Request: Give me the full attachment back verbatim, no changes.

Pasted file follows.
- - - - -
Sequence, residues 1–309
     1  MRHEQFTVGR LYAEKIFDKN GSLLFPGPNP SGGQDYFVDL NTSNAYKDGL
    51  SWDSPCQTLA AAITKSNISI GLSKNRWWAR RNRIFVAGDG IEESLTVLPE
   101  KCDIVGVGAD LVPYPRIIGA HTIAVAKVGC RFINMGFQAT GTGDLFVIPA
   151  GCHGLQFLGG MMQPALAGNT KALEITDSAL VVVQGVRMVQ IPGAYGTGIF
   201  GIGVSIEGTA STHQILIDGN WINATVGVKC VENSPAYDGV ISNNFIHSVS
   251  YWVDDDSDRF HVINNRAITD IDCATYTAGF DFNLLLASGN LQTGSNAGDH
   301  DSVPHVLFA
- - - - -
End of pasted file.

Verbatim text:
Sequence, residues 1–309
     1  MRHEQFTVGR LYAEKIFDKN GSLLFPGPNP SGGQDYFVDL NTSNAYKDGL
    51  SWDSPCQTLA AAITKSNISI GLSKNRWWAR RNRIFVAGDG IEESLTVLPE
   101  KCDIVGVGAD LVPYPRIIGA HTIAVAKVGC RFINMGFQAT GTGDLFVIPA
   151  GCHGLQFLGG MMQPALAGNT KALEITDSAL VVVQGVRMVQ IPGAYGTGIF
   201  GIGVSIEGTA STHQILIDGN WINATVGVKC VENSPAYDGV ISNNFIHSVS
   251  YWVDDDSDRF HVINNRAITD IDCATYTAGF DFNLLLASGN LQTGSNAGDH
   301  DSVPHVLFA